New Year, less stuff

With New Year’s day comes resolutions and goals. Sometimes these goals are lofty and unachievable. Such as “I will stop compulsively eating homemade cookies when they are brought to the office”.  Whereas others,  if constructed using a SMART goal format and seem enjoyable to the individual, are doable and beneficial.  An example of an achievable goal is, “I plan on reading at least 15 minutes a night.” I can do that! I can achieve that goal because it is both realistic and I will enjoy doing it.

Another thing to think about moving into the new year is our impact on the environment and our stuff’s impact on us. The Minimalist put out a post suggesting that we start off the new year with a challenge.  They called it the “30-day Minimalist Game”. This game asks you to get rid of 1 thing on day 1, 2 things on day 2, and so on. If you make it the full 30 days you would have gotten rid of 500 items! That is a lot of stuff!

But why would we do this? What is the point?

There are many books and articles written about minimalism and its benefits. However, at this time I would like to highlight two of my favorite arguments for adopting a minimalist mindset.

  1.  Minimalism is the act of living with only the things that you need.  It is a way of living more simply.  Tabata Yukio states that minimalism is, “the antidote to the dangerous culture of materialism, consumerism, stress, depression, anxiety, obesity, clutter, lack of direction, and chaos” that is currently impacting our lives.  Our obsession with stuff is actually creating more discomfort than the joy it is supposed to bring.  When we work on minimizing our stuff, we begin to “discover who [we] really are and the things that truly matter in [our lives].” (Yukio)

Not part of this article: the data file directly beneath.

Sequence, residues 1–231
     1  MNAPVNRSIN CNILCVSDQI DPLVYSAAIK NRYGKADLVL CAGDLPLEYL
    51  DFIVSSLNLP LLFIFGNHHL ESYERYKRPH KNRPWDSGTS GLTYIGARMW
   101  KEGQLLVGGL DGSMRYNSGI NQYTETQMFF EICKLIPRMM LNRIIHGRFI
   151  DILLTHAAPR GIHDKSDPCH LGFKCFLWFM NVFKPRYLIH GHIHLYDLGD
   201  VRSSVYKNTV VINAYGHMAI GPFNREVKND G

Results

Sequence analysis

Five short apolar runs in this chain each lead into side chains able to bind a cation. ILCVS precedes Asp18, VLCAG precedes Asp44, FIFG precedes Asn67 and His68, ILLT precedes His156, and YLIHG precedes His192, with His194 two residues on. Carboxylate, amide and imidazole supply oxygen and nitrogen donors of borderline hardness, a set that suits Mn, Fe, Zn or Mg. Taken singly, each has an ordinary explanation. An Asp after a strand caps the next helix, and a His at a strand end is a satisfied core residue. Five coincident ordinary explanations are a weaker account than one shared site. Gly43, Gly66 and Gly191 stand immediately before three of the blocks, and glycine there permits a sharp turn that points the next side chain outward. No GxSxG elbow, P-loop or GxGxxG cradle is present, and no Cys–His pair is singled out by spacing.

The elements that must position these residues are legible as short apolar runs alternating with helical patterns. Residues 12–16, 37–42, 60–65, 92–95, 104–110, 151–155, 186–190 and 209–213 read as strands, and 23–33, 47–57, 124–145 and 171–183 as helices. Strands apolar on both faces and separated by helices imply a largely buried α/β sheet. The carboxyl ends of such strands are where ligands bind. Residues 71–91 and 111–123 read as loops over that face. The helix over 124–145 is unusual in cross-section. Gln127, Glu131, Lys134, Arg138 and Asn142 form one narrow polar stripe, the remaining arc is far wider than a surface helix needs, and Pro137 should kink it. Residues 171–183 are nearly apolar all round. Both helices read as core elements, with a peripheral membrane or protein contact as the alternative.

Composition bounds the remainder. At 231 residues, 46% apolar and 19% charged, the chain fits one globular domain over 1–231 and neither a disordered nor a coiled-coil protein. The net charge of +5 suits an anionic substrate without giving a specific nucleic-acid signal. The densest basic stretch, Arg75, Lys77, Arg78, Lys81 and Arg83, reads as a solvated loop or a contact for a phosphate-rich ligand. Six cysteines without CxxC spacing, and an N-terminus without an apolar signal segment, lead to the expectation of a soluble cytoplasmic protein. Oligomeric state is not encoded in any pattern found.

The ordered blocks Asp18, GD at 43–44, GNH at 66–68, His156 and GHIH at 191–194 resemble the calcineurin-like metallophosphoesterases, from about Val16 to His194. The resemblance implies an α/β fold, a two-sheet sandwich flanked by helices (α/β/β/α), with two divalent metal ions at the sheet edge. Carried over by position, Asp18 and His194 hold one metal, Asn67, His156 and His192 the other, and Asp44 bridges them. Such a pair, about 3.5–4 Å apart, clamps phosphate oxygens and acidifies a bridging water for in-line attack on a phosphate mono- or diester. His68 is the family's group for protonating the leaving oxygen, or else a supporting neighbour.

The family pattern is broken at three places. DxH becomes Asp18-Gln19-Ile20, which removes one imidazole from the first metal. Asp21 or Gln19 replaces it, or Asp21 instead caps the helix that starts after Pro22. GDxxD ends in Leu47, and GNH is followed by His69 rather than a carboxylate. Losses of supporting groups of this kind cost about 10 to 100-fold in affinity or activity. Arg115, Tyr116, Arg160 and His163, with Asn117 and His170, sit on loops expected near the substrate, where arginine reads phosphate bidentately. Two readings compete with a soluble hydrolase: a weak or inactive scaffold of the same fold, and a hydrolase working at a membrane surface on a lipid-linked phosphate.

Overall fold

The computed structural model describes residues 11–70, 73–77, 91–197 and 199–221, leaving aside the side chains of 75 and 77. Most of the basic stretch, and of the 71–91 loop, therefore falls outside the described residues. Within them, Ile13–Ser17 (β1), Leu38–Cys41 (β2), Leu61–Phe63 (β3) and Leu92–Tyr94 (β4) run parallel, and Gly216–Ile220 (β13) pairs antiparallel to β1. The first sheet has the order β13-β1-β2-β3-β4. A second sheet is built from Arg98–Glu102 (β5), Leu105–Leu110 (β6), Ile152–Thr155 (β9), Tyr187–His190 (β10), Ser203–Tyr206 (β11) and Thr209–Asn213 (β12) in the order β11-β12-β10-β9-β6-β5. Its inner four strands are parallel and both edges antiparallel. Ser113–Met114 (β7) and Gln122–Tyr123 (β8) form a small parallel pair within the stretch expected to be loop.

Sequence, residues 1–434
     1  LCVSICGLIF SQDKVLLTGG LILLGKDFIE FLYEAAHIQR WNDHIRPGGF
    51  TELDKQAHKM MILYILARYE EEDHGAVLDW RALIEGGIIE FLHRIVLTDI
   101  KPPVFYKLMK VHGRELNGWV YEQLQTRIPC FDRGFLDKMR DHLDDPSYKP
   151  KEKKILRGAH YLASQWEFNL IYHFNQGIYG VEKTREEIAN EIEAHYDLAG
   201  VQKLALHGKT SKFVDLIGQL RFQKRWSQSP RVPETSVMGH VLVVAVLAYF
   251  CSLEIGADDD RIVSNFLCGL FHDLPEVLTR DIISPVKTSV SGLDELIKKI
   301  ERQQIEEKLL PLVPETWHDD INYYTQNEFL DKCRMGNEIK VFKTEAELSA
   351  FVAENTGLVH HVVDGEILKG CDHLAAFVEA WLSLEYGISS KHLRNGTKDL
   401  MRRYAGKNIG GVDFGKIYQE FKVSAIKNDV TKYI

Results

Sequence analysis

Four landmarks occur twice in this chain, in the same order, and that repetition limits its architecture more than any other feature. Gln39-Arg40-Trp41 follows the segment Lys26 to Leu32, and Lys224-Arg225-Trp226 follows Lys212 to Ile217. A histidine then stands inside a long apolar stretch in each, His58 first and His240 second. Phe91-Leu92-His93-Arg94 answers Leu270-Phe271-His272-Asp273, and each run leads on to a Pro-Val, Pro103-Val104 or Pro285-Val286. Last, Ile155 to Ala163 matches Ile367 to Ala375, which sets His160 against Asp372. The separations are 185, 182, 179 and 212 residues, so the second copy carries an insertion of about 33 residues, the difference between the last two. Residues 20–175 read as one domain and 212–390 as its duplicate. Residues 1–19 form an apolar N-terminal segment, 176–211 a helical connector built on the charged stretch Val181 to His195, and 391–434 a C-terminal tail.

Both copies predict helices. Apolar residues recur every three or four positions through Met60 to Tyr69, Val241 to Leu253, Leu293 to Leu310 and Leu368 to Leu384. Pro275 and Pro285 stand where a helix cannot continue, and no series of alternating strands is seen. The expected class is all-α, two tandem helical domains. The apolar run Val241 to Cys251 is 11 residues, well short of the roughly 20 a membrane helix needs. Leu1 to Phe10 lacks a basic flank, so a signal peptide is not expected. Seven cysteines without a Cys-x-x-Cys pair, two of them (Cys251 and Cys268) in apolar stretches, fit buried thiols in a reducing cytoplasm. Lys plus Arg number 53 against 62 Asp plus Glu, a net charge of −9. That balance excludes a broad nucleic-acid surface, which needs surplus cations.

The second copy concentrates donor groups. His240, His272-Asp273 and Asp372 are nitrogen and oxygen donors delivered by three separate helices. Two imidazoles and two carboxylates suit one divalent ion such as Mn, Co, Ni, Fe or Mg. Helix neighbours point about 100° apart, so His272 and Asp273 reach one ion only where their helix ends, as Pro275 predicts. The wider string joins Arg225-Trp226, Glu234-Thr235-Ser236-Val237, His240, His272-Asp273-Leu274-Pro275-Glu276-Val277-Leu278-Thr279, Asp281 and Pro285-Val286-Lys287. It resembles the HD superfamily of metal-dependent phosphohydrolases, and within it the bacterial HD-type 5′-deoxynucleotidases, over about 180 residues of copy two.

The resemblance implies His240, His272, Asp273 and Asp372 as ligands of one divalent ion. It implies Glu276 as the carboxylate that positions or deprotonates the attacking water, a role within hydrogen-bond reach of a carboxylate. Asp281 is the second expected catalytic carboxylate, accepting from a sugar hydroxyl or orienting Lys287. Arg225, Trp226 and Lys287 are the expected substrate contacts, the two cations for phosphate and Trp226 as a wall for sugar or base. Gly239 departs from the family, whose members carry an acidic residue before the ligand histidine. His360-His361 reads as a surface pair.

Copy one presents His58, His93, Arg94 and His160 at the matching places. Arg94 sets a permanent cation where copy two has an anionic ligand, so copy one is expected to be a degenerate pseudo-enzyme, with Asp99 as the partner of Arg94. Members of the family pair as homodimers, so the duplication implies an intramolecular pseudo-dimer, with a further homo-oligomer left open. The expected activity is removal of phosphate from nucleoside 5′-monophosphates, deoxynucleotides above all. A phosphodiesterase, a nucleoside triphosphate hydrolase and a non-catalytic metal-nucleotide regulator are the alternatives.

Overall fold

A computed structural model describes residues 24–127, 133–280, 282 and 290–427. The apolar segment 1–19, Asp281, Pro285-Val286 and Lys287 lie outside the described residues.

2. Approaching the world with a minimalist attitude will encourage you to think about the impact your stuff has on the world.  Patrick Rhone has a chapter in Enough called, “For Everything We Take, Someone Else Must Give”. In this chapter, he explores the number of lives and resources it takes for him to get a cup of coffee.  This reflection can help us appreciate the people who are directly and indirectly part of the process of getting us a cup of coffee. Those who might directly part of the process are the baristas and cashier.  Those people who indirectly part of the process are: the coffee farmer, the truck driver, the carpenter who built the furniture in the coffee shop, etc. It isn’t so much about labeling things “good” and “bad”.  It is more about recognizing the impact.  Rhone explains that it is about having “a greater consciousness about the effect of everything we consume and create. . . . Being mindful of this causes me to appreciate it even more.”  Being mindful also helps us make ethical decisions.

Minimalism is just one approach to thinking about our interactions with the world.  For me, it is an approach that makes sense. How do the choices I make everyday effect myself and others?  Do the things I do, the things I keep, and the items I consume bring me joy and do contribute to the overall wellbeing of the planet?  How do I want to be in the world?  With these thoughts in mind, a minimalist approach seems to fit my life goals.

What are your thoughts?

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